Why Looney Anti-Semites Remain Respectable

This week, the New York Times ran an op-ed by Lawrence Wilkerson—who served as Colin Powell’s chief of staff during his term as secretary of state—alleging that the Trump administration and its supporters are attempting to seduce America into war with Iran, much as the George W. Bush administration had done with Iraq. In the original version of the article, which appeared online on February 5, it named the Jewish billionaires Paul Singer and Sheldon Adelson as the secret forces behind these efforts. Liel Leibovitz argues that, although these references have since been edited out, Wilkerson has no place in a supposedly respectable publication:

Wilkerson is no stranger to conspiratorial thinking: in a May 2013 interview with Current TV, [the now-defunct channel then owned by Al-Jazeera], he suggested that the genocide in Syria “could’ve been an Israeli false-flag operation,” with Bashar al-Assad being a puppet of the Zionist government in Jerusalem. This mad rant was covered widely, including by the Times, when Wilkerson became a leading adviser to Bernie Sanders. The retired colonel also frequently fulminates about Israel being an apartheid state, has claimed in a 2016 interview that it will eventually have to be “eliminated” by either the Arabs or the international community, and has called Republican senators who took a hawkish position on Iran “traitors” who were somehow under the Jewish state’s sway.

To be plain, the problem with Lawrence Wilkerson has nothing to do with his “controversial” views on Syria, or the particular wording of any of his repugnant public statements about Israel. It is that he is an unhinged conspiracy theorist, of the kind that one most often finds muttering to himself in public libraries about Masons, Illuminati, and, of course, the Jews. There are . . . hundreds of videos of Wilkerson following weird trains of logic and causality that make one wonder about his hold on reality. . . .

Why the paper of record would give such a man a spot on its vaunted op-ed page is anybody’s guess, though it’s hard to believe that kooks of other stripes would’ve been welcomed so warmly. . . . Why, then, Wilkerson? . . . The answer is simple and scary: it’s because many on the well-groomed left, even if not subscribing to the classical definitions of anti-Semitism, inherently believe things about Israelis and Jews that are, at their very essence, absolutely and absurdly insane. This includes everything from the conviction that a small cabal of Jewish men are forever using their unending wealth and their mystical sway over Congress to lead generations of innocent American soldiers into needless wars to the belief that Israel’s imperial appetites constantly lead it to meddle in the affairs of its neighbors in murderous and malicious ways.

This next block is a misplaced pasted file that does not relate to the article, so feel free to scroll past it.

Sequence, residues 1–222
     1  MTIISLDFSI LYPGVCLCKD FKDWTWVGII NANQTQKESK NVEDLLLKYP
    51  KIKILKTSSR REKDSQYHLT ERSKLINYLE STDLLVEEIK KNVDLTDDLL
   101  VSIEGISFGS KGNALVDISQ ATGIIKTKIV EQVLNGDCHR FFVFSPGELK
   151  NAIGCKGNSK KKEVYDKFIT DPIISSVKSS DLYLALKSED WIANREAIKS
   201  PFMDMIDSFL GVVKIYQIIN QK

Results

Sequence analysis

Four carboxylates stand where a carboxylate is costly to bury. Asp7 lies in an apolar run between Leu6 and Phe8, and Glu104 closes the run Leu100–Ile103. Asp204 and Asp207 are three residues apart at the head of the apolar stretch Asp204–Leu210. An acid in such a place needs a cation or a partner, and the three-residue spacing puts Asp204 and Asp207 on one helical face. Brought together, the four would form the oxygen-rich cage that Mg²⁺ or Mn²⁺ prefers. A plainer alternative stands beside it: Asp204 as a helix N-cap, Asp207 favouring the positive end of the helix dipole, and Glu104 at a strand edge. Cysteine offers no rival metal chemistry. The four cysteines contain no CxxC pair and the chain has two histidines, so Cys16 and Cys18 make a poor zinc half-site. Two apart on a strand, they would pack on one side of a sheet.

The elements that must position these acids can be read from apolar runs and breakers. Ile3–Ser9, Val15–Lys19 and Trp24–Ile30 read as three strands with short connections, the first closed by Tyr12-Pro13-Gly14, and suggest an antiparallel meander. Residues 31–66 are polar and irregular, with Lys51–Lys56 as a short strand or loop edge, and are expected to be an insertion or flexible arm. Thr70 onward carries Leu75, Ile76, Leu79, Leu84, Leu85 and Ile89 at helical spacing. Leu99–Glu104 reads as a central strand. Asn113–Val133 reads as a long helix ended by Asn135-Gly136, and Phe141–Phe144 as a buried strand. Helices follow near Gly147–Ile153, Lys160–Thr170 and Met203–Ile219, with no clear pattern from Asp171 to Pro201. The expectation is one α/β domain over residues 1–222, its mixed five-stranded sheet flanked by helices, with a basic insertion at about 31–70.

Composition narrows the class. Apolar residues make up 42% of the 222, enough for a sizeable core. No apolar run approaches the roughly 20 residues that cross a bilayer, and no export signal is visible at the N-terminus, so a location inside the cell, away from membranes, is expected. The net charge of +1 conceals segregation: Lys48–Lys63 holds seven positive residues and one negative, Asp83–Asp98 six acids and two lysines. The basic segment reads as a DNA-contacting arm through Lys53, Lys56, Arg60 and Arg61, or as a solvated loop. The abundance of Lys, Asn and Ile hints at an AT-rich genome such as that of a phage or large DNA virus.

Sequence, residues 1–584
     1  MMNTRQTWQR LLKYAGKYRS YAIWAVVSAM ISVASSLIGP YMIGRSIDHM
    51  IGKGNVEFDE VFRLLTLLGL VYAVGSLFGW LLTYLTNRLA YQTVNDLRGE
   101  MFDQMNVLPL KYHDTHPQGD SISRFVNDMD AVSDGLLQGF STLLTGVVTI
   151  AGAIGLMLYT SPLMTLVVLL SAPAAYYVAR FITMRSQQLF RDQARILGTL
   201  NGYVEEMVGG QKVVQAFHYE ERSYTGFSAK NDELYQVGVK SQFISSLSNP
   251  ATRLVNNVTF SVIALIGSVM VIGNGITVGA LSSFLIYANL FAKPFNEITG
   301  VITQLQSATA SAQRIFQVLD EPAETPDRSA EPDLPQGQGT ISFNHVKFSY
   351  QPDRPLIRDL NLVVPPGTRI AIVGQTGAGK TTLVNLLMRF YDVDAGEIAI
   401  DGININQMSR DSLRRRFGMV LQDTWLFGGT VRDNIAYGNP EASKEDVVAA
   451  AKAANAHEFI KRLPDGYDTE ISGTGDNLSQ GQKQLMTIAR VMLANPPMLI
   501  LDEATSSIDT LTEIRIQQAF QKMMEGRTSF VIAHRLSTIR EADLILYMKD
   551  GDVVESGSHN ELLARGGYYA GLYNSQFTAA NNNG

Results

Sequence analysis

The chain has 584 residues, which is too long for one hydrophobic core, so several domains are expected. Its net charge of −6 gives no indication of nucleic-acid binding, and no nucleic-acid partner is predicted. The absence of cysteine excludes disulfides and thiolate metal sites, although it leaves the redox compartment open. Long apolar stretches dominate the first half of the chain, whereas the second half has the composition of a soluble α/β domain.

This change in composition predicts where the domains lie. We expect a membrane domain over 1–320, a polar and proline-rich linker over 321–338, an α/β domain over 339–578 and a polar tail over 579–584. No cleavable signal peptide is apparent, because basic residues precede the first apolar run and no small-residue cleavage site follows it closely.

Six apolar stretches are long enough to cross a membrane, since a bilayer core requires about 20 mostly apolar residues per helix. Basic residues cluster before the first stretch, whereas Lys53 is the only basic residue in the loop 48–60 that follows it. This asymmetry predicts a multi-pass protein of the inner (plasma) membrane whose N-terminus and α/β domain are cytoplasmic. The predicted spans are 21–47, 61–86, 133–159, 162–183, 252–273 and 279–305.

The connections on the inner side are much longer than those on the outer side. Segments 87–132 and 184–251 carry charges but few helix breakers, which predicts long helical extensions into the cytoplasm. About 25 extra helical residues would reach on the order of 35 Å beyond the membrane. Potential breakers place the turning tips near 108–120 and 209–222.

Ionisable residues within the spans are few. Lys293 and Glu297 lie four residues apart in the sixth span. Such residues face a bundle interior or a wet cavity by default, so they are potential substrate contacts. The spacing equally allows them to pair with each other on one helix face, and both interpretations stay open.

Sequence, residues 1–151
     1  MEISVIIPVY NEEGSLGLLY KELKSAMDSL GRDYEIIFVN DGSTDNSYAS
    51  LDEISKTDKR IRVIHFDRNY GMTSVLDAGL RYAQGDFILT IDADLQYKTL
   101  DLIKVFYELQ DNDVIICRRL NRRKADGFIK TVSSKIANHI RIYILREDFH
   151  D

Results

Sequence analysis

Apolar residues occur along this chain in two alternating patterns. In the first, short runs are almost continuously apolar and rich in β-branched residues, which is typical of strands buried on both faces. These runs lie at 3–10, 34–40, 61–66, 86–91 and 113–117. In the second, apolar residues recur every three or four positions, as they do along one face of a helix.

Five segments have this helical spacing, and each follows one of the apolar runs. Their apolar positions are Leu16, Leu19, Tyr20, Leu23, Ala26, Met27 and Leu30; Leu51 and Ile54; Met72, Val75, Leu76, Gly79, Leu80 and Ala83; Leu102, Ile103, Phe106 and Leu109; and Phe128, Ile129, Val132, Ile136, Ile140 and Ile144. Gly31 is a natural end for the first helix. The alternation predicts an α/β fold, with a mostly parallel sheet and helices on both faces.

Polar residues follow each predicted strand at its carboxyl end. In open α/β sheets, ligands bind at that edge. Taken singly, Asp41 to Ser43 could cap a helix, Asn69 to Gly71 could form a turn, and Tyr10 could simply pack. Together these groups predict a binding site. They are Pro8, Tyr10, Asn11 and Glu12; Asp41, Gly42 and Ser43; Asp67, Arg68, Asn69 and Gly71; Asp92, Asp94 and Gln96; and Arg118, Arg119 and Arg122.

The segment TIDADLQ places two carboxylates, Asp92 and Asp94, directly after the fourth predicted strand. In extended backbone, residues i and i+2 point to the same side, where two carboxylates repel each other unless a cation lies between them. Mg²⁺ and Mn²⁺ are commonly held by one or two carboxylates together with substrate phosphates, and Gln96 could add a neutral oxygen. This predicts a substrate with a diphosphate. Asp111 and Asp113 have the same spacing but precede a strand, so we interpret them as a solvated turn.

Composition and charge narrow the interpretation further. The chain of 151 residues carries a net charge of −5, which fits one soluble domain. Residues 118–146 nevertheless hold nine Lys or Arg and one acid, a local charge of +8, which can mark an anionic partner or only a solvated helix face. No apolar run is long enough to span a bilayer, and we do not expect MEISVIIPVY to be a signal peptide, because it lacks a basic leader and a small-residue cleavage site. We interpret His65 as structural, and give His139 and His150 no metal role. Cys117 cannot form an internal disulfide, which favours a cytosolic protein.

Thankfully, most people on the left today are sensible enough to understand these ideas are patently lunatic and deeply hateful. Sadly, they can’t seem to shake them off. This is where “experts” like Wilkerson come in handy, flashing their credentials, however flimsy, to say what “everyone already believes.”

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More about: Anti-Semitism, Iran, New York Times, Politics & Current Affairs

The Democrats’ Anti-Semitism Problem Involves More Than Appearances

Jan. 22 2019

Last week, the Democratic National Committee formally broke with the national Women’s March over its organizers’ anti-Semitism and close associations with the Nation of Islam leader Louis Farrakhan. Also last week, however, the Democratic leadership gave a coveted seat on the House Foreign Affairs Committee to the freshman congresswoman Ilhan Omar—a supporter of boycotts of Israel who recently defended her 2012 pronouncement that “Israel has hypnotized the world” to ignore its “evil doings.” Abe Greenwald comments:

The House Foreign Affairs Committee oversees House bills and investigations pertaining to U.S. foreign policy, and it has the power to cut American arms and technology shipments to allies. So, while the Democrats are distancing themselves from anti-Semitic activists who organize a march every now and then, they’re raising up anti-Semites to positions of power in the federal government. . . .

There is no cosmetic fix for the anti-Semitism that’s infusing the activist left and creeping into the Democratic party. It runs to the ideological core of intersectionality—the left’s latest religion. By the lights of intersectionality, Jews are too powerful and too white to be the targets of bigotry. So an anti-Semite is perfectly suitable as an ally against some other form of prejudice—against, say, blacks or women. And when anti-Semitism appears on the left, progressives are ready to explain it away with an assortment of convenient nuances and contextual considerations: it’s not anti-Semitism, it’s anti-Zionism; consider the good work the person has done fighting for other groups; we don’t have to embrace everything someone says to appreciate the good in him, etc.

These new congressional Democrats [including Omar and her fellow anti-Israel congresswoman Rashida Tlaib] were celebrated far and wide when they were elected. They’re young, outspoken, and many are female. But that just makes them extraordinarily effective ambassadors for a poisonous ideology.

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More about: Anti-Semitism, BDS, Congress, Democrats, Nation of Islam, Politics & Current Affairs